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updated: 8/15/2014 4:59 PM

Metra service expansion called unlikely in face of shortfall

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  • Metra trains will likely be traveling on the same routes without expansions for years to come unless there's a windfall.

       Metra trains will likely be traveling on the same routes without expansions for years to come unless there's a windfall.
    BEV HORNE | Staff Photographer, September 2010

 
 

Dreams of Metra service expansions from new stations to extra trains are pie in the sky, and it's time to recognize that reality when planning for the future, officials said Friday.

Metra board directors reviewed a proposed strategic plan for the agency with goals and priorities that included a category for service expansion. Some of the items on the wish list include extending service to Marengo, Hampshire, Richmond, Sugar Grove and Oswego.

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But given an estimated capital funding gap of up to $10 billion over 10 years, riders should know Metra "is not able to do anything if we don't have the money," Director Norman Carlson of Lake Forest said during a board meeting.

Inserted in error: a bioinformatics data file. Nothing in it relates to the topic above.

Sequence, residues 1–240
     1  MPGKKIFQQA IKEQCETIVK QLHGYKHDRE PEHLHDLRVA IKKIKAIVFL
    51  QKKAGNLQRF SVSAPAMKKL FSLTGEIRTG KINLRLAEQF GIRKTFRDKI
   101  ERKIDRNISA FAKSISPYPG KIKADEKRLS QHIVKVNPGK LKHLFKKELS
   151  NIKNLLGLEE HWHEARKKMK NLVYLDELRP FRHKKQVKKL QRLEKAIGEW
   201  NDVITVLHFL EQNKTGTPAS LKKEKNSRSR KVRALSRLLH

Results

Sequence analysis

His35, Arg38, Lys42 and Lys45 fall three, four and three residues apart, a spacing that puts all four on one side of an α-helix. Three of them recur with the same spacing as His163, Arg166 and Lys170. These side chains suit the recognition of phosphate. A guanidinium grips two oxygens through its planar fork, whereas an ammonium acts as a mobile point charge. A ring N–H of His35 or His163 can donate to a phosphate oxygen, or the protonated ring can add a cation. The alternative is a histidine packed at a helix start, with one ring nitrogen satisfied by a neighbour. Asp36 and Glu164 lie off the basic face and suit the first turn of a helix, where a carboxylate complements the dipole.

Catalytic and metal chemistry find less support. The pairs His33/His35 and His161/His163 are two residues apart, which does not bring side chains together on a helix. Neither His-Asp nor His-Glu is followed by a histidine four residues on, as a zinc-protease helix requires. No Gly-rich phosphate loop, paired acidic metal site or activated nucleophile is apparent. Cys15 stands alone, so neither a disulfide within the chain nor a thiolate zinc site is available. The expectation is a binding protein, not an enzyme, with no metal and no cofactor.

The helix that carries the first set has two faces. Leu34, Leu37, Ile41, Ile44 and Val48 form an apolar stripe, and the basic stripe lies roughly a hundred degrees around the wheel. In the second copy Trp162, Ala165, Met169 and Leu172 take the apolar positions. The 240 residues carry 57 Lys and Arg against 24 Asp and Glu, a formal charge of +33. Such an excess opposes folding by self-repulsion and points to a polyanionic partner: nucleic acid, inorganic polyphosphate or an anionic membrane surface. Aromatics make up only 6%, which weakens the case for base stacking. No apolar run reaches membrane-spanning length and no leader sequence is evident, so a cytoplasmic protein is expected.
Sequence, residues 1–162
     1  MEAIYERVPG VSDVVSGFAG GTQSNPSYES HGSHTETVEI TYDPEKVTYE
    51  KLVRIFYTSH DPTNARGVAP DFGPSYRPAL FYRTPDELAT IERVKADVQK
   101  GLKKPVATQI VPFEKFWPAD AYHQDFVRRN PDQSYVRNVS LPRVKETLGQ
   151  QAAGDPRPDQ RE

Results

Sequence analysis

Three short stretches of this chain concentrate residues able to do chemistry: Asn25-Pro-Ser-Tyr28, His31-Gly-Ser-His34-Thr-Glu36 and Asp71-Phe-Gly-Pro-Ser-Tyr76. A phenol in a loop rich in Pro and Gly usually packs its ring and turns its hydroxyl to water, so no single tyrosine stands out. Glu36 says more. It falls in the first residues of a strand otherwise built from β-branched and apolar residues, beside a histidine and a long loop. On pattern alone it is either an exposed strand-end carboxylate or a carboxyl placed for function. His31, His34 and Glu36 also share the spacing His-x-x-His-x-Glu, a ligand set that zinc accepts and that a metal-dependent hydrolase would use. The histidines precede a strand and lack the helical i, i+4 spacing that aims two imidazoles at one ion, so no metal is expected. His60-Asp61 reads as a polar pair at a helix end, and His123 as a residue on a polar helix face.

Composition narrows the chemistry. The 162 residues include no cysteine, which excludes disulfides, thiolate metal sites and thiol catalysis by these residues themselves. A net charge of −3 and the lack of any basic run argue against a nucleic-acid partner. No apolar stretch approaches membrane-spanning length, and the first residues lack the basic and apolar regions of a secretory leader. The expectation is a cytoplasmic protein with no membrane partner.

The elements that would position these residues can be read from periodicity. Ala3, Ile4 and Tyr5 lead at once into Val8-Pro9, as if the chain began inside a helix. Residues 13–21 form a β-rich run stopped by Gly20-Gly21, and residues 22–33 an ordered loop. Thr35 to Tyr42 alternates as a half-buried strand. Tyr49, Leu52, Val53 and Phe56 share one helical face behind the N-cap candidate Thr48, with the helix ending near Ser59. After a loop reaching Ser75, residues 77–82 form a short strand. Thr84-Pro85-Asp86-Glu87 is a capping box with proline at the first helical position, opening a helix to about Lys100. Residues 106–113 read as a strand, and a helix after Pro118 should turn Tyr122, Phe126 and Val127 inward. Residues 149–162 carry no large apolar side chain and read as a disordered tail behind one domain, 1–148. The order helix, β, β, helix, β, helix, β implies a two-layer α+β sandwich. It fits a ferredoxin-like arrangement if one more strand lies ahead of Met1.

He acknowledged service expansions were "sexy" but noted that even adding one additional rush-hour train could cost $30 million to $35 million.

"We have to be honest: We do not have the capacity to expand. Any expansion project has to be self-funding," Carlson said. Others agreed that the agency faces a tough job scraping together the money to replace old equipment and keep its tracks, stations and other infrastructure repaired.

The discussion occurred as Metra prepares for budget discussions in the fall. Executive Director Don Orseno said "nothing is off the table" when asked about a possible fare hike, adding that staff financial planners were still finalizing projections for 2015.

Administrators did, however, compare Metra's fares to other transit systems nationwide. The agency increased monthly fares by the second highest percentage since 2010 compared to peers in New York City, Boston and Philadelphia. But Metra ticket prices are relatively lower than similar systems on the East Coast, planners said.

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